Wanting visitors to leave with positive feelings, Greece spent billions over the last few years upgrading airports and improving border protocols and staffing. It’s very much paying off, as the country edges towards pre-pandemic visitor levels, with satisfaction levels.

As a tourism dependent nation, Greece realized that people have choice, and those who fancy a seamless trip will factor in bad previous experiences. I know people who specifically won’t fly into JFK or LAX, just because of the immigration wait times they’ve experienced.

Infrastructure Projects: The Time Is Now

The time is now, because infrastructure and spending projects seem to be the topic du jour among governments around the world. The US is looking to spend trillions, other countries billions, on improving domestic infrastructure and stimulating jobs.

Starting with very easy to recognize pain points, such as horribly designed facilities, under staffed checkpoints and overworked immigration officers would be a good start. Consumers are smarter than ever, and it won’t be long before border hassles are a part of travel destination vetting.

Gilbert Ott

Gilbert Ott is an ever curious traveler and one of the world's leading travel experts. His adventures take him all over the globe, often spanning over 200,000 miles a year and his travel exploits are regularly...

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12 Comments

  1. Pre-covid we were taking 3-4 trips per year to different countries. Now, with the constantly changing restrictions, limited services at hotels, no rental cars (although internationally that is less of a concern for my own travel situation), stripped down services on planes, and yes as you mentioned – those long lines and difficulties at airports. Not only in other countries, but arrivals back into the US as well. As someone who loves visiting other countries, right now I have zero desire to as it’s too complicated, still too awkward, quick-changing restrictions, and no desire to wait in those long lines like you’ve described.

    Further, I’m so disgusted with airlines and hotels and I’ve taken all of my spend and just using cash-back cards nowadays as I’ve seen airlines and hotels use covid as an excuse to gut their loyalty programs as well as nearly all value from their product offerings. For years I’ve used hotel and airline cards. These days I’m using cash back offerings and forgoing any bother with hotel or airline points/miles. Hotels and airlines have used covid as an easy excuse to cut more corners and create higher profits. Loyalty programs are nearly pointless now. I hope they come back, but think that may only happen if enough people actually vote with their dollars. It feels that the whole travel industry has taken this as an easy excuse to just cut services and blame it on covid. I mean, the elimination of housekeeping at major hotels “for your safety”?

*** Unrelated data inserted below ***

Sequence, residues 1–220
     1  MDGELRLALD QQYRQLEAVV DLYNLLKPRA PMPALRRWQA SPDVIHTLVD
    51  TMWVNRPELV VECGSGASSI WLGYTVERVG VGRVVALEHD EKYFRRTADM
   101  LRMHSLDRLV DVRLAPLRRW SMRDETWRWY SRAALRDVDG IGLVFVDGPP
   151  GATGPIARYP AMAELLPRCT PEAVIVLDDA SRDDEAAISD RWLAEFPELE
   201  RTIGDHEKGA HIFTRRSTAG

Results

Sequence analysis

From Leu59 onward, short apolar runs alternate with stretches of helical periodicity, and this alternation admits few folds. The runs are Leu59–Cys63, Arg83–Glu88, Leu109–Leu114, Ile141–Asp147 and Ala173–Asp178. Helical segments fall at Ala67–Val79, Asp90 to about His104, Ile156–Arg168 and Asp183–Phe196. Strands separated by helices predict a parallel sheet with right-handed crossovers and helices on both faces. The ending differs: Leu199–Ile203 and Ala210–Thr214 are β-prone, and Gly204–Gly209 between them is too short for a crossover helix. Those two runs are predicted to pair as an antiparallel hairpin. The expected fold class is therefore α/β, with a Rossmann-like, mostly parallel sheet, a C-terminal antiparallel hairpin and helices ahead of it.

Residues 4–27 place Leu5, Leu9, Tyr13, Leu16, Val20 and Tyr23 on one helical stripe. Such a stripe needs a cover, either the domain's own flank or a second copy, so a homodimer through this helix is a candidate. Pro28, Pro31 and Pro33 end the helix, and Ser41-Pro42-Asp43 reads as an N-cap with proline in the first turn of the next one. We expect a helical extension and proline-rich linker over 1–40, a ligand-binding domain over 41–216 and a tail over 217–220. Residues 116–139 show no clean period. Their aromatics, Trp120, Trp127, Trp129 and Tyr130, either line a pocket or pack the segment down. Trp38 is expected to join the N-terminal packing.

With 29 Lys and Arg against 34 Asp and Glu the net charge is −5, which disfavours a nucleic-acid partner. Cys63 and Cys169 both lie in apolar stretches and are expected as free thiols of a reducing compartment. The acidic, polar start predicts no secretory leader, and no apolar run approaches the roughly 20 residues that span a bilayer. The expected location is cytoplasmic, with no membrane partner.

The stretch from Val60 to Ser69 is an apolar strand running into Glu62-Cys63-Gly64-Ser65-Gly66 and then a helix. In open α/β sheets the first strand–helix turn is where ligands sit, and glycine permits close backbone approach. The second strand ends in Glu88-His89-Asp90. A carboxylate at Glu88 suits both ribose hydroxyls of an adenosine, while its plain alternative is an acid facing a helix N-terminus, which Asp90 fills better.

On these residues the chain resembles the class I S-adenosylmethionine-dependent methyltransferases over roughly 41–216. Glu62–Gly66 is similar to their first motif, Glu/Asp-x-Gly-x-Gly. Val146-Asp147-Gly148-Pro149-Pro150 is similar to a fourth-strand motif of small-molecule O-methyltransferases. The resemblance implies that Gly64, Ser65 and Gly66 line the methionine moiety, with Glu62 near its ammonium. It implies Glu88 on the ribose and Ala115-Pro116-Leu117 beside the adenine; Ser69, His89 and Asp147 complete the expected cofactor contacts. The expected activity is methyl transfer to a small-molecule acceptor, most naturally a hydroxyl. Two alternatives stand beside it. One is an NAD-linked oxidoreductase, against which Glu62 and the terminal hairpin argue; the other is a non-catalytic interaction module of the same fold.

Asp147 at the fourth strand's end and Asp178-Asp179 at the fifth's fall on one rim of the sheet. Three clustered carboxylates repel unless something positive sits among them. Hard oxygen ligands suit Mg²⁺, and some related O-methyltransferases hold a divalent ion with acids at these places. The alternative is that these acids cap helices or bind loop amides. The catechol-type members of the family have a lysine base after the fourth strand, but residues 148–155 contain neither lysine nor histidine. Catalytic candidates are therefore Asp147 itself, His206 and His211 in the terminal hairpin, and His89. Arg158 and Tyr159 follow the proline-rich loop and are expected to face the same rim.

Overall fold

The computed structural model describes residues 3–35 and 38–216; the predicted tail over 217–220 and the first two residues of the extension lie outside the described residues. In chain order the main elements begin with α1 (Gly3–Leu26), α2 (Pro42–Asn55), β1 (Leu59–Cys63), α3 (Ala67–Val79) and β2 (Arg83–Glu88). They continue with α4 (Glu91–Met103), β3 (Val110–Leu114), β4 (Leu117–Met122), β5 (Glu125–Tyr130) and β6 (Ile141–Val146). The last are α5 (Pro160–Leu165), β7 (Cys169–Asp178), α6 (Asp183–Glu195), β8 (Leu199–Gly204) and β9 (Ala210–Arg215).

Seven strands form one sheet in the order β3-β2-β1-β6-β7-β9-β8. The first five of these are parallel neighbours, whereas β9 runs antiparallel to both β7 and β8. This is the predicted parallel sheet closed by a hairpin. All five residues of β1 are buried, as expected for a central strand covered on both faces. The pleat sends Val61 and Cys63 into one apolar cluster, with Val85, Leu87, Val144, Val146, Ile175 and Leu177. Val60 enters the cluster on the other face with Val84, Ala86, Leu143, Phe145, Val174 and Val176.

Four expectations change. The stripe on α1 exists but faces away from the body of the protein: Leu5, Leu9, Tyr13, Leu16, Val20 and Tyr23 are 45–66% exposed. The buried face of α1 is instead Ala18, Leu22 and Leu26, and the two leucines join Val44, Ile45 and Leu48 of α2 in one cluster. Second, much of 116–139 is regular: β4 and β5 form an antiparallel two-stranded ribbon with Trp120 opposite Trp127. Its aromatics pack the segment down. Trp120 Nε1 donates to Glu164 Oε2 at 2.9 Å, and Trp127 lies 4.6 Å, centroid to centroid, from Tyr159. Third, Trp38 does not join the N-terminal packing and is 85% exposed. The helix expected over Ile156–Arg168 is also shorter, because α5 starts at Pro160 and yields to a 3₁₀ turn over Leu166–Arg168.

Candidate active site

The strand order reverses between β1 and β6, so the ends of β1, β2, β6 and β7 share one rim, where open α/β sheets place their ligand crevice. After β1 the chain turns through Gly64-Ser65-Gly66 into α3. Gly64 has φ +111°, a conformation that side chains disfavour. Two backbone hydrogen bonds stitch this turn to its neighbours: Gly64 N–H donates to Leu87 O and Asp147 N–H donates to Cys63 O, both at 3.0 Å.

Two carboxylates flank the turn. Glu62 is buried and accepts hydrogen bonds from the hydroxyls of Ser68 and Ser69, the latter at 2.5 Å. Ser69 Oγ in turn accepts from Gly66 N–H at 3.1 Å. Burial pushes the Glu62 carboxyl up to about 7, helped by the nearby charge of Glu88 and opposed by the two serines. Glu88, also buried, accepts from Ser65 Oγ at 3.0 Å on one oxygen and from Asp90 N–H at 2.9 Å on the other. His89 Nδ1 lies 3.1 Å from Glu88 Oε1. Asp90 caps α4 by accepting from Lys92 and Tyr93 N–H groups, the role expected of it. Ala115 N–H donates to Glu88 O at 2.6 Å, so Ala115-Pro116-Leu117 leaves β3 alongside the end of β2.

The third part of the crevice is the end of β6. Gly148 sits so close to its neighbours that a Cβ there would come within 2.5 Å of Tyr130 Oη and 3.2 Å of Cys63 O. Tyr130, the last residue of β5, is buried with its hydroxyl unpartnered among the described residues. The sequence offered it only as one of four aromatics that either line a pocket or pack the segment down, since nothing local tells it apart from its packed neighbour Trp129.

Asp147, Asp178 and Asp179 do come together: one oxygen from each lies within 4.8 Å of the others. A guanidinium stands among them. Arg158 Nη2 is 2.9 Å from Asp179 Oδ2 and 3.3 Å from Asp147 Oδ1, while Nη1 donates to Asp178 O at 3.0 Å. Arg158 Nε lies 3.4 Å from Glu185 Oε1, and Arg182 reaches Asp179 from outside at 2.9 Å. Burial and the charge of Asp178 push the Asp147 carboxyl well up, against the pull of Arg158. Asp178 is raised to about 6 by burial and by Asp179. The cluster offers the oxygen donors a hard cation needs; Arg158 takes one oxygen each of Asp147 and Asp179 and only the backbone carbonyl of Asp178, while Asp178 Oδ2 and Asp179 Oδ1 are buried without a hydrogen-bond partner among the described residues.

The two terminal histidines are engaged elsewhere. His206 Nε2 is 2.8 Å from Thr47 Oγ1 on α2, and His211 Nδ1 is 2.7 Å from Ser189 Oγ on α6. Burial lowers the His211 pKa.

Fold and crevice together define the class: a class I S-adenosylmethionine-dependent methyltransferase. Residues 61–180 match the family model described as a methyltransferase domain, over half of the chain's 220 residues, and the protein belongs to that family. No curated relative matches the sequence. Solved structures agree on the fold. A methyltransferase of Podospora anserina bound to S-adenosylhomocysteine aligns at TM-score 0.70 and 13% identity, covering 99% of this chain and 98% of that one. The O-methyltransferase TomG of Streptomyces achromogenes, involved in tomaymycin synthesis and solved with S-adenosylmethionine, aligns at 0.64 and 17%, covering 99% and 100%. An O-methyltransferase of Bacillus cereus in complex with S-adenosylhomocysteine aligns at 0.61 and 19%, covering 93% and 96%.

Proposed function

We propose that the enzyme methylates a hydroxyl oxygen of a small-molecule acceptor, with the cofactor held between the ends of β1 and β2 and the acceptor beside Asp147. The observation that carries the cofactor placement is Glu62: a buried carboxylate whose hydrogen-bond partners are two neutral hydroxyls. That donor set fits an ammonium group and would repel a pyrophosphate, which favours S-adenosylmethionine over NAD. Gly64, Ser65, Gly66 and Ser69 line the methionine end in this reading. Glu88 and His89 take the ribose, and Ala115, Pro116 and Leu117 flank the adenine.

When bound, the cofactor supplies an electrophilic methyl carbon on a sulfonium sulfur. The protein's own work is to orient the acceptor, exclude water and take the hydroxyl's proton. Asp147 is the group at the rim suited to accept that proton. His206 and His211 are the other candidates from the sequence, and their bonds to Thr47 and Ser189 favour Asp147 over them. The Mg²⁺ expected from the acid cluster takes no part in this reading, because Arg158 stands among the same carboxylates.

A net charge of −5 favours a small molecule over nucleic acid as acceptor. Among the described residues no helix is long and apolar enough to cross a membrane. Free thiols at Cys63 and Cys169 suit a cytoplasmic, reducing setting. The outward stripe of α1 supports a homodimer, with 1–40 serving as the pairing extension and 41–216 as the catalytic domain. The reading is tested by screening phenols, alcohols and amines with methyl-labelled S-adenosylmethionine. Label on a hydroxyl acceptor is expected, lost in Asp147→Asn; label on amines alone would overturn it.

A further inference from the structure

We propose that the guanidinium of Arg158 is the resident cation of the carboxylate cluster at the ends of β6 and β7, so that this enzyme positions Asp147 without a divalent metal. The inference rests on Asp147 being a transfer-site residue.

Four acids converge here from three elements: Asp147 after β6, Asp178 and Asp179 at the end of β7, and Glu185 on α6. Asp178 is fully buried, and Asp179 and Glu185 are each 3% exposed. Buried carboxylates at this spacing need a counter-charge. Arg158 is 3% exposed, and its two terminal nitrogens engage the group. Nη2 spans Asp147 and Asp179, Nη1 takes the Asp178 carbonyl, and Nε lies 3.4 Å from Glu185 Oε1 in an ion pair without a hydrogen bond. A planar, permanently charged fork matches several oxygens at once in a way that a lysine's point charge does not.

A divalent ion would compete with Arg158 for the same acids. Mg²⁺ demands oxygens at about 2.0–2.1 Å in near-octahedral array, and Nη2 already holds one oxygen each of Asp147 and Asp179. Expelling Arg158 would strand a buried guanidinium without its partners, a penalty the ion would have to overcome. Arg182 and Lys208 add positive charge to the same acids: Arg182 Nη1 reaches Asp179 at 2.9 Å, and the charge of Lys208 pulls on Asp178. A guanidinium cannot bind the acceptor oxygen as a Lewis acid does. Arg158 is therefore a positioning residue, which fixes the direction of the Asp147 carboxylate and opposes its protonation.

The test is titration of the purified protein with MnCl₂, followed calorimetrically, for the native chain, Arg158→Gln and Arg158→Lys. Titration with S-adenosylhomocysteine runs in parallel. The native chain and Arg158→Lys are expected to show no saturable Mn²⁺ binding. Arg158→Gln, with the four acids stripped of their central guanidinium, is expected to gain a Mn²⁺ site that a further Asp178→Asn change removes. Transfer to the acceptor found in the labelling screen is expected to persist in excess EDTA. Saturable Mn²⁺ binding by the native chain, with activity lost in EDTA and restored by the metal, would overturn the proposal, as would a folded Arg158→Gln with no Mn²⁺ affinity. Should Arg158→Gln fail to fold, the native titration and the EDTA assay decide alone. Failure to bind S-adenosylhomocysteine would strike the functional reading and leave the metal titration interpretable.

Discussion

Like you say, countries as well need to recognize that tourists are customers bringing valuable cash to the destination.

    I am certainly hopeful things will return, but it doesn’t seem like it will this year as people are too careless, governments too disorganized, and travel-related industries far too concerned about increasing profits above all else.

  2. I don’t know how you fared on your recent UK trip but it took me just over two hours to get through immigration about 10 days ago at LHR terminal 5. Kids, older people, it was pretty rough. And I’ve heard of much longer times.

  3. Great article and a lot of truth. Unfortunately, people like torture. It’s why the NYC subway system is the way it is, it’s why Spirit and Frontier airlines exist, it’s why people will stand in 3 hour lines in Cancun airport to enter the country. The people have spoken, they will put up with miserable conditions. Shouldn’t have to, but why change it when the dollars are rolling in? Human behavior is not going to change. People will continue to fly LCC’s and head to Cancun and wait hours in immigration lines.

  4. Another great article by Gilbert!
    As you well mentioned travellers are not idiots to repeatedly spend their money, time and energy at places that don’t respect them so destinations that take the financial gains seriously will either improve the traveller experience or simply lose them and their precious £$€’s!
    A terrible airport experience is enough to make me avoid it even for an essential travel let alone for a non-essential one!
    As someone travelling to different greek airports every year for the last 15+ years I completely agree that it’s such a pleasant turnaround story to see them going from terrible to great in the last 3 years or so!

  5. Just as important are procedures for leaving a country. Hot, crowded terminals and long lines at BKK emigration are completely unnecessary, for example.

  6. For 17 years I have managed to avoid BA and Heathrow connections because of two bad experiences transiting there and shabby BA service. Much better experience in MUC and even FRA.

  7. After a 12h flight info coach it’s a shame the time someone has to spend at the Inmigracion queues. Being British Gold will avoid any Heathrow connection. While being American ExPlat tried to avoid the horrible Mia experience. It’s a total shame how peolple is treated like cattle.

  8. Well said Gilbert. Thirty five years ago I was returning from a large Greek island. The airport yet again was filthy, the delays ridiculous and the check-in queue went out of the airport across the arrivals main road and into the car park. I gave up on Greece and made Spain my regular country for family holidays. I didn’t set foot in the country for 20 years and I am half Greek. I started to return to a much better travel experience in Greece about 15 years ago.